Between Meals: Mendoza

A somewhat sleepy, smallish city, Mendoza is the capital of the Argentine wine world. It's vying for the Bay Area for my favorite place on earth... absurdly cheap wine-tasting, gorgeous scenery, delicious food, exciting bike rides and a relaxing nightlife scene. It is truly a magical place.

Especially if you have such lovely travel companions! The placard says, "Virgin of the grape."

The town of Mendoza is built around a series of plazas, all of which are lovely (though someone MUST tell them that dyed-blue water isn't fooling anyone)

We biked to two wineries, a restaurant and a chocolate/liqueur factory, which you can see on this map if you scroll down to Maipú.

First we took a tour of the La Rural winery, which included a lot of giant steel silos and clumps of fermenting grape skins...mmmm. After lunch at Almacen del Sur, we headed to Tempus Alba for a "tasting," which, as you can see below, was actually 12 FULL glasses of wine for the four of us.

As if to confirm that Mendoza is truly a utopia, on the bus ride home, we chatted with an inquisitive and cherubic 5-year-old named Gimena, whose head-to-toe pink crochet outfit matched her rosy cheeks. Stupefyingly beautiful and amazingly fun, it was a day I'll never forget.


Lesson 17: Tarts

After weeks of non-stop savory, savory, savory, finally we had our first...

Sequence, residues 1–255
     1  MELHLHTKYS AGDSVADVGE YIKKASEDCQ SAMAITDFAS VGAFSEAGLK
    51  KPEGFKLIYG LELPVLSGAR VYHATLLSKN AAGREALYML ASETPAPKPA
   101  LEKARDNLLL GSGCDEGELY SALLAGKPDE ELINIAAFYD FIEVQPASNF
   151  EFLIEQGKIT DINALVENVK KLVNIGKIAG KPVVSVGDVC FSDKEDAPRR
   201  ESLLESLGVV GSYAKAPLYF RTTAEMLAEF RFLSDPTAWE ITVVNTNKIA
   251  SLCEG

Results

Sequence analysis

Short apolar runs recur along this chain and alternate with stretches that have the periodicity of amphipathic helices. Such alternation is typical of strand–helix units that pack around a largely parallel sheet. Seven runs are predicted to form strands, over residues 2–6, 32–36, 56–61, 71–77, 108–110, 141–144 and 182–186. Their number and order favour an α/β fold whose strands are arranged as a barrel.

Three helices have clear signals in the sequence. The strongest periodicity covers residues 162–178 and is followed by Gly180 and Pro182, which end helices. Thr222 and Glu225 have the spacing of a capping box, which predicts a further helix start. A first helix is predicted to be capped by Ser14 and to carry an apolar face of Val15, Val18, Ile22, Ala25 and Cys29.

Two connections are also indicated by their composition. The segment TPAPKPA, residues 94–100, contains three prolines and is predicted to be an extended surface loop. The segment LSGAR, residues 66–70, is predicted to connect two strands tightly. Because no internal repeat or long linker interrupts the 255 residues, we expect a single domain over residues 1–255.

I am a connoisseur of raw dough. I've spent many years refining the technique of snatching inconspicuous pieces of pie dough when my dad's back is turned. Today, my skills must have been a little rusty, though, because my pastry professor caught me munching and wagged her finger at me with a face that clearly meant, "How pathetic!" Hm. A little embarrassing.

In spite of my fixation on dough foraging, I managed to glean some tidbits that will help make your dough superb, whether you're a mature adult who possesses this new-fangled thing called "self-control" or a...hedonistic glutton.

1. unlike with breads, you want to avoid the formation of gluten, which makes the dough hard; so we had to keep kneading to a minimum
2. there are three types of tart dough:
- sucrée (sweet dough)
- sablée (crumbly, cakey offshoot of sucrée made with the butter creamed first instead of "cut" into the dough)